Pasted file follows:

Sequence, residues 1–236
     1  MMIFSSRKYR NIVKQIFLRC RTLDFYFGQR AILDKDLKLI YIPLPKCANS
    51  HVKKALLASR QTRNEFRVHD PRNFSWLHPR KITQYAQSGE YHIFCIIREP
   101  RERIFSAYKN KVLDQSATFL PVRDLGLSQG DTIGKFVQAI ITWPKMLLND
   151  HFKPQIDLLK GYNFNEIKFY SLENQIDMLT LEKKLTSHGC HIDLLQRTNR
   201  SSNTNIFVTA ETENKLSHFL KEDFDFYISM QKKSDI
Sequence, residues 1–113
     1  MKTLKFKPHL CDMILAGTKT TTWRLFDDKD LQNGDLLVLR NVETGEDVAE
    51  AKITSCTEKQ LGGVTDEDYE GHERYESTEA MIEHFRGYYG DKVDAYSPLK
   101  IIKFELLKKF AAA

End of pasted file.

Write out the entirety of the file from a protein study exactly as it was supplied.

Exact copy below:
Sequence, residues 1–236
     1  MMIFSSRKYR NIVKQIFLRC RTLDFYFGQR AILDKDLKLI YIPLPKCANS
    51  HVKKALLASR QTRNEFRVHD PRNFSWLHPR KITQYAQSGE YHIFCIIREP
   101  RERIFSAYKN KVLDQSATFL PVRDLGLSQG DTIGKFVQAI ITWPKMLLND
   151  HFKPQIDLLK GYNFNEIKFY SLENQIDMLT LEKKLTSHGC HIDLLQRTNR
   201  SSNTNIFVTA ETENKLSHFL KEDFDFYISM QKKSDI
Sequence, residues 1–113
     1  MKTLKFKPHL CDMILAGTKT TTWRLFDDKD LQNGDLLVLR NVETGEDVAE
    51  AKITSCTEKQ LGGVTDEDYE GHERYESTEA MIEHFRGYYG DKVDAYSPLK
   101  IIKFELLKKF AAA